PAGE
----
Their planned approach involves 1. characterization of immune markers in the tumor microenvironement of old tumor samples by immunohistochemistry and fresh tumor samples by flow cytometry and 2. Sequencing of T cell receptors and tumors to identify the specificity of immune responses. Further the proposed study will enroll patients in a clinical trial of pembrolizumab, (anti-PD1 antibody) an antibody which targets one of the mechanisms employed by the tumor to escape the immune response. Functional studies of immune cells derived from patients before and after treatment with pembrolizumab will also be carried out. A major strength of the study is the strong translational component with assessment of a number of immune parameters on samples from patients enrolled in the clinical trial.

The proposed study if successful will change the landscape of mesothelioma treatment. Drugs targeting the immune checkpoints have altered the care of patients with a number of other cancers including melanoma and non-small cell lung cancer. Among the challenges that lay ahead include identifying patients who are likely to benefit from this treatment.

Principal Investigator: Travis Young, PhD
Ken Bendix Memorial Grant
Institution: California Institute for Biomedical Research
Title of Project: Controllable CAR-T Therapy for Mesothelioma
Description: Dr. Travis Young, a postdoctoral fellow at the California Institute for Biomedical Research, submitted a proposal entitled “Controllable CAR-T Therapy for Mesothelioma”. He has significant experience and expertise in protein chemistry and immunology. His work aims to engineer a patient’s own immune cells so that they target mesothelioma cells for attack by the immune system. The specific aims of his project are to demonstrate the redirection of controllable CAR-Ts to FAP and mesothelin-positive cancer cell lines, understand the optimal targeting paradigm for mesothelin and FAP controllable CAR-T cells, and demonstrate the efficacy and understand the optimal dosing paradigm in mouse xenograft models. One highly novel element of Dr. Young’s approach is the inclusion of a tightly regulated antibody-based “switch”. This allows great control of CAR-T cell activity so that safety and efficacy can be well balanced, a previous barrier in developing highly effective CAR-T cell therapy.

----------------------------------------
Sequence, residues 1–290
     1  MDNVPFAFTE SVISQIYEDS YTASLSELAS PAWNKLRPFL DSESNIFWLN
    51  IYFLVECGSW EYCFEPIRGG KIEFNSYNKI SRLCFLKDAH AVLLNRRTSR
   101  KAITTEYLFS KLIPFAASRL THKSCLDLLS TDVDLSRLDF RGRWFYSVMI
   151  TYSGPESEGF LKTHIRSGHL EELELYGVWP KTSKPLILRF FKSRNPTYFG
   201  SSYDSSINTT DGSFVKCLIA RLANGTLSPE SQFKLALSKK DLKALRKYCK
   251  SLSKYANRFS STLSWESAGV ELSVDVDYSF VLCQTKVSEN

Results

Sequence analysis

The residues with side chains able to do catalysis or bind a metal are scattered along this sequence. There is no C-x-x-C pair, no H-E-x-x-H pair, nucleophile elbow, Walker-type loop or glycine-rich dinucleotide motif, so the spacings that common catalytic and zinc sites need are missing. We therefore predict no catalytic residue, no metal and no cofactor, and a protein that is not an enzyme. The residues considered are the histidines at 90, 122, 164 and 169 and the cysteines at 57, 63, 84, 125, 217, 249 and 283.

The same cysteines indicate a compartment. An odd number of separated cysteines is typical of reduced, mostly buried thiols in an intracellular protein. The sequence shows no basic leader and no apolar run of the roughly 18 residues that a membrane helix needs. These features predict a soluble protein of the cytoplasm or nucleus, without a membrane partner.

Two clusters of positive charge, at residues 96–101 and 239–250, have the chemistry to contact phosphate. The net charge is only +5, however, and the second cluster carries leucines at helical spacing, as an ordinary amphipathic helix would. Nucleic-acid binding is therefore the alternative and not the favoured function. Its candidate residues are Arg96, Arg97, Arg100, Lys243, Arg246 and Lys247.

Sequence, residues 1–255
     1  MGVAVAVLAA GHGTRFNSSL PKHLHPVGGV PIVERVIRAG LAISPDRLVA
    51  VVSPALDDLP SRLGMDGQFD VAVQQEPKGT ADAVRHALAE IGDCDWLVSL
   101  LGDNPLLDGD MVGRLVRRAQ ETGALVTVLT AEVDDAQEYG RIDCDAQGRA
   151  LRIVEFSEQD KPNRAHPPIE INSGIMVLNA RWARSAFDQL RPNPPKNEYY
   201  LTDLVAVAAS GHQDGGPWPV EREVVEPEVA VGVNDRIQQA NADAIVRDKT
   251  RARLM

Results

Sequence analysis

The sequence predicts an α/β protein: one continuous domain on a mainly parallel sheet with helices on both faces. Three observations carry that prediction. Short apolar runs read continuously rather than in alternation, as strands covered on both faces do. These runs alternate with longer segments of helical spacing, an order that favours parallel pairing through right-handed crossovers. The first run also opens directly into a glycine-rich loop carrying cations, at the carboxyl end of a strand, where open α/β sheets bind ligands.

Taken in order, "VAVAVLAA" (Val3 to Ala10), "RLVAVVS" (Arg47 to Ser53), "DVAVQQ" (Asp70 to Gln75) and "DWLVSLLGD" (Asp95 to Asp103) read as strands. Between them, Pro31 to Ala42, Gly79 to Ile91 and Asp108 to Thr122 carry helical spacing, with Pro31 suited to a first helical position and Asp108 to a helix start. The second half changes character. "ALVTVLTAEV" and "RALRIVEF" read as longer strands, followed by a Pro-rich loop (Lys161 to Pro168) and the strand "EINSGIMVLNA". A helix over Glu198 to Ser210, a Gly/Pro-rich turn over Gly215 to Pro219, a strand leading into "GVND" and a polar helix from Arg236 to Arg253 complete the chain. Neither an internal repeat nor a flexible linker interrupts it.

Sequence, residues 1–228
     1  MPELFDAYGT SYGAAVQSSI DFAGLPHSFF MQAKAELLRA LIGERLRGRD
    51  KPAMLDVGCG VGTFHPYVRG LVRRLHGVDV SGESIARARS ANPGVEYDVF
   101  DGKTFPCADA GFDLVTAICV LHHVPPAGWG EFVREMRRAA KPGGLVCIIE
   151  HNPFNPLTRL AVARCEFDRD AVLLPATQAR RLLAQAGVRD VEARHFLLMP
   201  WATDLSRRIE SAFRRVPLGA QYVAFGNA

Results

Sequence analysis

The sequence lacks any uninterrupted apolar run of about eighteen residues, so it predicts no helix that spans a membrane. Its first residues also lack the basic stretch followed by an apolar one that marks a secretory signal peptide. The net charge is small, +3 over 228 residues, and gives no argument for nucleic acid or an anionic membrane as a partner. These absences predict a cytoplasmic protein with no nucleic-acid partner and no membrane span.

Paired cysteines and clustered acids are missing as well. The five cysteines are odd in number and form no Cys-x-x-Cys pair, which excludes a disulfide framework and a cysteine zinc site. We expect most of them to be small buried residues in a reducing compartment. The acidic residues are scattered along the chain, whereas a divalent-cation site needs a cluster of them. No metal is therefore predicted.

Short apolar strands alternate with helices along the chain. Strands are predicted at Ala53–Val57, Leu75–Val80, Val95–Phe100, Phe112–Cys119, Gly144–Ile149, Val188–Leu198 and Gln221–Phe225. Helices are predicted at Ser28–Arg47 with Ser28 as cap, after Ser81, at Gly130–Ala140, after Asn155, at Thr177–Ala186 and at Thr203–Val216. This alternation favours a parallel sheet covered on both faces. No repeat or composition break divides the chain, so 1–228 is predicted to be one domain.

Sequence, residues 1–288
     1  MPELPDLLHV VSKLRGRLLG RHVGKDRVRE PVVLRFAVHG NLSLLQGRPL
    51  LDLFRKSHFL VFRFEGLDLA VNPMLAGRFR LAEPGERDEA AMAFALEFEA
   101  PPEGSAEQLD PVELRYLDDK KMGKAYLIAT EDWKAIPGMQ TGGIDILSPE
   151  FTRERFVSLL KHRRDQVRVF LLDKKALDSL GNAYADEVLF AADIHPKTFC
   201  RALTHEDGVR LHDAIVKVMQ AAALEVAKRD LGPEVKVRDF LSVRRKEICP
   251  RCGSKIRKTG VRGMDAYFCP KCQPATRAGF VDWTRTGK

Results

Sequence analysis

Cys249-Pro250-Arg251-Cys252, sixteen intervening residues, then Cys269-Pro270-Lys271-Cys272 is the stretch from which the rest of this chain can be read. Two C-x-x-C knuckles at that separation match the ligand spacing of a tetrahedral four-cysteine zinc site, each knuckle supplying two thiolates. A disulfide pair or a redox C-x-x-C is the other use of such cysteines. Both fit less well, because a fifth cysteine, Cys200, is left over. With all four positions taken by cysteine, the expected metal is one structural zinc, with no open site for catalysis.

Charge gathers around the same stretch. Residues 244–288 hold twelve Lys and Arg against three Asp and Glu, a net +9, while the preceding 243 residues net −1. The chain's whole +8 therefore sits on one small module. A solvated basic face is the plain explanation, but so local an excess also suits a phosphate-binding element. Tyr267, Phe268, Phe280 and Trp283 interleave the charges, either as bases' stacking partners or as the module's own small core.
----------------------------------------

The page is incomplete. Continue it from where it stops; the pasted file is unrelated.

Currently, among many ongoing clinical trials, some exciting durable and complete responses to this type of therapy have been achieved in other diseases. By targeting FAP and mesothelin, which are common tumor associated antigens in mesothelioma, there is great potential to develop these CAR-T cells into a new therapy for mesothelioma. If these experiments are successful, potential clinical trials could be designed to test these agents in patients with mesothelioma.